Snow day.  Back then, was there ever a more magical phrase?

Those two simple words meant that school was closed!  It was time to play!

Oh, the excitement of meeting up with other arctic-clad young ‘Eskimos’.  We’d grab our wooden sleds by their fraying rope handles, and pull them as we trudged up the steep, narrow cement hill.  That hill was our neighborhood alley.  Somehow overnight (magic!), it had been transformed from a dirty and stained concrete eyesore into a Winter Wonderland, just right for derring-do speed sledding.

Oh, the fun of it!  The adventure!  The ecstasy!

For a few precious hours, a group of us would ascend to the top of our snow-covered mountain.  Let others climb Mount Everest – we had our alley!  Once at the top, we’d line up our sleds, one behind the other.  Next, we’d lay ourselves belly-down on the sleds, and hook our feet into the front of the sled directly behind us, fashioning a ‘sled train’.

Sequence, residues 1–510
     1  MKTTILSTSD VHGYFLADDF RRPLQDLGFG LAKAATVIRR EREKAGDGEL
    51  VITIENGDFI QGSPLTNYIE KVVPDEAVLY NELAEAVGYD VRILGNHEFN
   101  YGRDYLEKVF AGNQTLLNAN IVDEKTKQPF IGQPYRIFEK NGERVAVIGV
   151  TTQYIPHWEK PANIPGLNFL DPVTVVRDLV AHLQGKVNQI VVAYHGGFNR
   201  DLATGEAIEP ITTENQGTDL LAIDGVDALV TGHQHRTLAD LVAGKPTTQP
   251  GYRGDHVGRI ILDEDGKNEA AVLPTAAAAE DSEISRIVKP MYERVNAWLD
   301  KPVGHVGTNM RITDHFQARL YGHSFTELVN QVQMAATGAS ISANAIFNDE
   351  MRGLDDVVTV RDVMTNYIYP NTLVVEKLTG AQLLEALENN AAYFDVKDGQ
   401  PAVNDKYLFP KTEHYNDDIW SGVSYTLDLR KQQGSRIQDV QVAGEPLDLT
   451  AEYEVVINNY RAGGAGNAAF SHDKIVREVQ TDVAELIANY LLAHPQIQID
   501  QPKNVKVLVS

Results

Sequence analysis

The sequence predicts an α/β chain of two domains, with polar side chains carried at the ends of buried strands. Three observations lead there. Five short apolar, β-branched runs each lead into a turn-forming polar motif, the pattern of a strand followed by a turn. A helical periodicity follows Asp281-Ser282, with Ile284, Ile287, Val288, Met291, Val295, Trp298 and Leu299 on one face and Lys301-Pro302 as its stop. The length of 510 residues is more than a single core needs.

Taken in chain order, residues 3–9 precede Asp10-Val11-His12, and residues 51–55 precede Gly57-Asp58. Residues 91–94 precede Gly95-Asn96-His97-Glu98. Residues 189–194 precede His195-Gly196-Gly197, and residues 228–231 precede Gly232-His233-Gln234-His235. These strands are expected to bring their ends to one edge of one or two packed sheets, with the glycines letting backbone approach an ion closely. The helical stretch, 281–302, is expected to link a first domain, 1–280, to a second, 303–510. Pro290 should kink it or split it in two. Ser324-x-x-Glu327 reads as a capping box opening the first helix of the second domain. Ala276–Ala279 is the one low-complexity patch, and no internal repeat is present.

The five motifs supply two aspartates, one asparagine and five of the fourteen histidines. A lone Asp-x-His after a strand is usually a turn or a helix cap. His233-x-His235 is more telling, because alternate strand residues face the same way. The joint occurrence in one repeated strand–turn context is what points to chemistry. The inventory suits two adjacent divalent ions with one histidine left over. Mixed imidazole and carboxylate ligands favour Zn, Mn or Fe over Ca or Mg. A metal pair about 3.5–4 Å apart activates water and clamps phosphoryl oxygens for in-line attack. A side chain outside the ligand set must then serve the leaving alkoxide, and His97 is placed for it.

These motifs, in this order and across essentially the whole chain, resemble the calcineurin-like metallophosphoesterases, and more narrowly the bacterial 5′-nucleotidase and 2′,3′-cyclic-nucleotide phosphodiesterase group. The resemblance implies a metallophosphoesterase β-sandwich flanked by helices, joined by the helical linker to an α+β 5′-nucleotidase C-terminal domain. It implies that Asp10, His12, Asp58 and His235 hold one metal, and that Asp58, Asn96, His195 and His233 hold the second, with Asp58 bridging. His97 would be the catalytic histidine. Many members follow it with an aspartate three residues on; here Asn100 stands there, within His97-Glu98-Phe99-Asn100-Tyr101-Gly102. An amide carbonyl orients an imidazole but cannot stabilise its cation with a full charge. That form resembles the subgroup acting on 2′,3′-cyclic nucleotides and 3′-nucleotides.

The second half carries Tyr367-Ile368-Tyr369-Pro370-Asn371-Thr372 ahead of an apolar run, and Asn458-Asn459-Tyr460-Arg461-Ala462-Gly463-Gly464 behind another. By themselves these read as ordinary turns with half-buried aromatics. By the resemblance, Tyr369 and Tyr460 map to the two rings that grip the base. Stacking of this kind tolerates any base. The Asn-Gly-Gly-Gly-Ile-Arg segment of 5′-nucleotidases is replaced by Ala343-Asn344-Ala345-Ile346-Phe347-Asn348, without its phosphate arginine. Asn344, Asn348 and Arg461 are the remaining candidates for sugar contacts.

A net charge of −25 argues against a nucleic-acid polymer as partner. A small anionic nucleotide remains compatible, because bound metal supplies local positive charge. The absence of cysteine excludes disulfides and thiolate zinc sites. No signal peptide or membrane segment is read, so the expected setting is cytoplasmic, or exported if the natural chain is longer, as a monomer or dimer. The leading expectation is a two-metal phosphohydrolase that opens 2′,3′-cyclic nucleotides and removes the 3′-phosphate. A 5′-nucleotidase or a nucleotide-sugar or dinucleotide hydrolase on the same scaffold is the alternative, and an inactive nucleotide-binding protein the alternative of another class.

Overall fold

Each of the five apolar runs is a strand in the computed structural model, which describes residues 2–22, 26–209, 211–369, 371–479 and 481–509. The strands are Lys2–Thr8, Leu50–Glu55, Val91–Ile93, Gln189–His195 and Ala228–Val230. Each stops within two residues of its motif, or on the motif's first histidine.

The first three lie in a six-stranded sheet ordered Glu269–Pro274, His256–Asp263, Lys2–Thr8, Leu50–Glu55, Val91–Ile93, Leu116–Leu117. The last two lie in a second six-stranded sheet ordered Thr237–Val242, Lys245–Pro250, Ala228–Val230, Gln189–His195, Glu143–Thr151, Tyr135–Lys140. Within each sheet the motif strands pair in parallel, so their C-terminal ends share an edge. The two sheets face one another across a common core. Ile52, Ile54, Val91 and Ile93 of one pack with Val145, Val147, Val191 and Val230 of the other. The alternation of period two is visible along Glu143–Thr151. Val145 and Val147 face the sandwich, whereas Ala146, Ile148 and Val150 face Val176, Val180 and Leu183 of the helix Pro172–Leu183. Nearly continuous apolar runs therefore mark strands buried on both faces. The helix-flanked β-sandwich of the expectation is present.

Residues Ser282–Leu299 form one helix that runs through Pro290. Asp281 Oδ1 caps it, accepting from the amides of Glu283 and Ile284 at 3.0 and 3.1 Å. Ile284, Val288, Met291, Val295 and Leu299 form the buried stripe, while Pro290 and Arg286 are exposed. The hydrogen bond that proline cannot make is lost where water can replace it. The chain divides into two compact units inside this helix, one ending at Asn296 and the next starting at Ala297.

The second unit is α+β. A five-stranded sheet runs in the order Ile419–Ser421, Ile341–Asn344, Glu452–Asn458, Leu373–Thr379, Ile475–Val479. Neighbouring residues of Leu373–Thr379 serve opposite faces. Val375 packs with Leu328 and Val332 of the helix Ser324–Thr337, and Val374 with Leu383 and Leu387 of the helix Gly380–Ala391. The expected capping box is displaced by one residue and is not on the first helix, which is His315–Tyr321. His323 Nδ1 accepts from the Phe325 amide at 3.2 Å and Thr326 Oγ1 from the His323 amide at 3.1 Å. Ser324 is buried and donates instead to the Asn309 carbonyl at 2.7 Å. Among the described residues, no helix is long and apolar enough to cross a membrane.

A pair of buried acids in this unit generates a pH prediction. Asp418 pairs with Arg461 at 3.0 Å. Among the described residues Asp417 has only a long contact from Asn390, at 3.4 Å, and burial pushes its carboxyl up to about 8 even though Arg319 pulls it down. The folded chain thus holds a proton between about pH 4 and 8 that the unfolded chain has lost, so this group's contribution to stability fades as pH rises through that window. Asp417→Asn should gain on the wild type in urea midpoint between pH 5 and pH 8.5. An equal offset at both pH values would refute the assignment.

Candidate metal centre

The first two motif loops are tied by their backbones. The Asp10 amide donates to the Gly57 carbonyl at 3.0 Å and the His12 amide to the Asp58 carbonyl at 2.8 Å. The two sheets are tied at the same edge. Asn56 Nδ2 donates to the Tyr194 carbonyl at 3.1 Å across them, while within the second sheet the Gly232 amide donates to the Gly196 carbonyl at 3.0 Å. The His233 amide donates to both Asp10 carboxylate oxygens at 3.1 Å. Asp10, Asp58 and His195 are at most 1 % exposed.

The kid whose sled was at the front of the train would yell, “ARE YA READY?”  A chorus of  rousing affirmations would follow, and our train ‘engineer’ would then scream out the signals:  “READY?” meant we should all place our mittened-hands atop the cold-packed snow on either side of our sleds; “SET” meant we should be prepared to shove off; and then, finally, the word we’d been waiting for – “GO!”

Suddenly we were off, quickly grabbing the wooden slats that guided our winter chariots as we went hurtling and screaming our way down our little mountain.

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What fun!  What a rush!